Friday, December 18, 2020

Walking and Waiting

Walking. The idea came to me recently when I heard someone remark how walking has saved them during this pandemic.

Scripture is full of people walking. People journeying from point A to point B. We also refer to the spiritual life with walking motifs. I Googled “Advent and walking” and found countless resources on that theme: Walking Through Advent, Walking to the Manger, How to Organize an Advent Hike, Walking the Road to Bethlehem, and the list goes on.

Advent is a journey we take from Day 1 to Day 25. Each day is a mile marker as we make our own way to see the Christ child in the manger. The characters in the Christmas story encountered literal journeys full of walking as well. Mary probably walked to visit Elizabeth and Zechariah. Mary and Joseph walked from Nazareth to Bethlehem, with their donkey in tow. The shepherds herded their sheep all day, walking throughout the countryside. And the wise men walked the longest distance (or rode camels, either way someone in their party was walking), led by the light of the star.

If you are a walker, you know it is a slow undertaking. It is rarely a race, but a gradual movement towards a destination. Walking reminds us that Advent is like that as well. It is a time to slow down the pace of daily life and focus on the details that make up the journey to Bethlehem. Each step is deliberate, nothing we read or hear is unimportant. All the pieces are intentionally laid out to lead and grow us along the way. Walking involves waiting. And in Advent, we get a crash-course in what it means to wait well.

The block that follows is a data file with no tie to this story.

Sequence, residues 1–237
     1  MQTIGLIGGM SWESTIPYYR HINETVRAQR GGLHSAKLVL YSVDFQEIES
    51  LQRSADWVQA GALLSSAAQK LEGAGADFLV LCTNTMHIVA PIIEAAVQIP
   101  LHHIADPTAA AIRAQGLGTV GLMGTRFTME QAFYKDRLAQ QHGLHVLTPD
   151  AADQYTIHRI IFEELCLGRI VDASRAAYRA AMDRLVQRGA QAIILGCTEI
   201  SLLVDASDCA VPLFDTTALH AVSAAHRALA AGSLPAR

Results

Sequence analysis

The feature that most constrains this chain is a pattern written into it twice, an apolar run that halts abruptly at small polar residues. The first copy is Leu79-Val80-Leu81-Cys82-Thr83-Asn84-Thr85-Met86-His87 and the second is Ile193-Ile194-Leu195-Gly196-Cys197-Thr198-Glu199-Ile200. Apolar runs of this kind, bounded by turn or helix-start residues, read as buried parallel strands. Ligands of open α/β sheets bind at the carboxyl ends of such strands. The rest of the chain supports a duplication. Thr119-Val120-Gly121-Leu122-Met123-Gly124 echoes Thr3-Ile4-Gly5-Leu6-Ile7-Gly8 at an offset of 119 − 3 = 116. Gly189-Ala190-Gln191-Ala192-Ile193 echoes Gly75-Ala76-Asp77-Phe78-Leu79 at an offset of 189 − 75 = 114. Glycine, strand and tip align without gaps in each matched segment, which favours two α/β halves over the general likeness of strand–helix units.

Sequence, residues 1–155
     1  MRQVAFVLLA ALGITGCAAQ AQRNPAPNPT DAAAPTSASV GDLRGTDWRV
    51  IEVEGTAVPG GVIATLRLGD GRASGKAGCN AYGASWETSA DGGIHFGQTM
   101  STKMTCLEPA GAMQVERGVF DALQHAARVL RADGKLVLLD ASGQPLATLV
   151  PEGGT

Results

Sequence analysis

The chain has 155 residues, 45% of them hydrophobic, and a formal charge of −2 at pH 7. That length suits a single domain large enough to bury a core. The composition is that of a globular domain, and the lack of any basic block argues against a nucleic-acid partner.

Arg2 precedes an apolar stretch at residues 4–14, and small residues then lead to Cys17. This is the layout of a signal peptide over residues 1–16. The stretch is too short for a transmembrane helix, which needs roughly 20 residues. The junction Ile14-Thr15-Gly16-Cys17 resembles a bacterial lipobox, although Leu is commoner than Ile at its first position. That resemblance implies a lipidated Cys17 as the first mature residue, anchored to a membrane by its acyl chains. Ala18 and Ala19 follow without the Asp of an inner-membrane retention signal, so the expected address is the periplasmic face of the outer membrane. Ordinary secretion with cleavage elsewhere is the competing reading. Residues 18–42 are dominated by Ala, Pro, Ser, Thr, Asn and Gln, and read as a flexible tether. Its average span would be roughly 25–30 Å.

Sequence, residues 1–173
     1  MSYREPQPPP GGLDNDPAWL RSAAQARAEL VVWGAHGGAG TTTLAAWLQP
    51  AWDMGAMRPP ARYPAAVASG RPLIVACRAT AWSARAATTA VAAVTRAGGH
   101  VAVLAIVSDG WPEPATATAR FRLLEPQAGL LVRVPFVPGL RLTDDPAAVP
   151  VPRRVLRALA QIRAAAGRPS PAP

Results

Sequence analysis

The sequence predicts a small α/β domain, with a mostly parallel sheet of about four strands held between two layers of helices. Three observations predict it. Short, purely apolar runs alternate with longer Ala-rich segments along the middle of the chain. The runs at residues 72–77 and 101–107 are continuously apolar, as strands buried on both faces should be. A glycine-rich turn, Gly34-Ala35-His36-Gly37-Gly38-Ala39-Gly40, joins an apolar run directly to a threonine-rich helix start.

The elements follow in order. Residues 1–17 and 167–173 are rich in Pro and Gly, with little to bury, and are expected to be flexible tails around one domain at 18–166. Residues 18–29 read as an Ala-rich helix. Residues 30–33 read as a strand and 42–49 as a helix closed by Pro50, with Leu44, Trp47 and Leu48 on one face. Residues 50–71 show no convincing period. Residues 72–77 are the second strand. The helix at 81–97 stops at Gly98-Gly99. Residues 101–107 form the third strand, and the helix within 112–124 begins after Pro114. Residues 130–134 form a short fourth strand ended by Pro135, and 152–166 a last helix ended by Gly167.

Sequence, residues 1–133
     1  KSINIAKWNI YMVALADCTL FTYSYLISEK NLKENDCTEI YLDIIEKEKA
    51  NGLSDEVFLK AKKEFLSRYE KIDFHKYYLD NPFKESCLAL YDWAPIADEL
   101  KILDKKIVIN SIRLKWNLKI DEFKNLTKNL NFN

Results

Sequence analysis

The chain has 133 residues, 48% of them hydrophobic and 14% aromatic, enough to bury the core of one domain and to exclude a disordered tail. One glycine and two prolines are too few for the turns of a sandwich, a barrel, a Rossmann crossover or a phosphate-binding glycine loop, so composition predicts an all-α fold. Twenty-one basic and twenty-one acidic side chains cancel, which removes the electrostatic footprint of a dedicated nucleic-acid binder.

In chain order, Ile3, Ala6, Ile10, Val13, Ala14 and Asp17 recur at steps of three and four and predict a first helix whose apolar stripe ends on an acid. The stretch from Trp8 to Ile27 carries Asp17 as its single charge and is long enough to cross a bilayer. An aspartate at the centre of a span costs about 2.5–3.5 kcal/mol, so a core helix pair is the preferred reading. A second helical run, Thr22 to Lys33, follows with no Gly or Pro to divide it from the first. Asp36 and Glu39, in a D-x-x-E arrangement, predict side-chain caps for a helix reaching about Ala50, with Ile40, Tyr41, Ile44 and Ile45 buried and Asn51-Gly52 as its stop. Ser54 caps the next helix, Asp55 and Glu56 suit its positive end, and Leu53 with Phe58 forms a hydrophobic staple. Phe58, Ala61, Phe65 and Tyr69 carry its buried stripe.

Evan Welcher, a pastor and poet from Iowa, has written extensively on the topic of Advent, waiting, and grief in his book Advent: a thread in the night. In an article he wrote for The Gospel Coalition, Welcher says,
Advent helps the saints to persevere until he who began a good work in us brings it to fruition (Phil. 1:6). It reminds us that prophets of old looked longingly into the future for the hope of Christ’s coming (1 Pet. 1:10–12). Their hope is the same hope we look back on. And like them, we also look to the future, awaiting his return.

For in the here and now we are sojourners in the valley of the shadow of death, plodding between the two advents of our God and King.

. . . Perhaps you have prayed, in the quiet hours of the night, "O Lord, how much sadness can be poured into one fragile human vessel, composed of little more than dust, before she irreparably shatters?"

Warm waves of resurrection will at long last thaw out and restore your tattered heart. So take heart, beloved. Resurrection day approaches.

Until then, though, we need Advent.

Advent is a walk we need. This year more than ever. As we near the end and approach Christmas day, many of our walks will continue to be characterized by waiting, sorrow, fear, and uncertainty. But as we take each step, let it be a saving force of Hope as well. Just like Paul Harvey’s story of The Man and the Birds (see my post from 2011), we have this assurance:

Jesus has come. And He will show us the way.  

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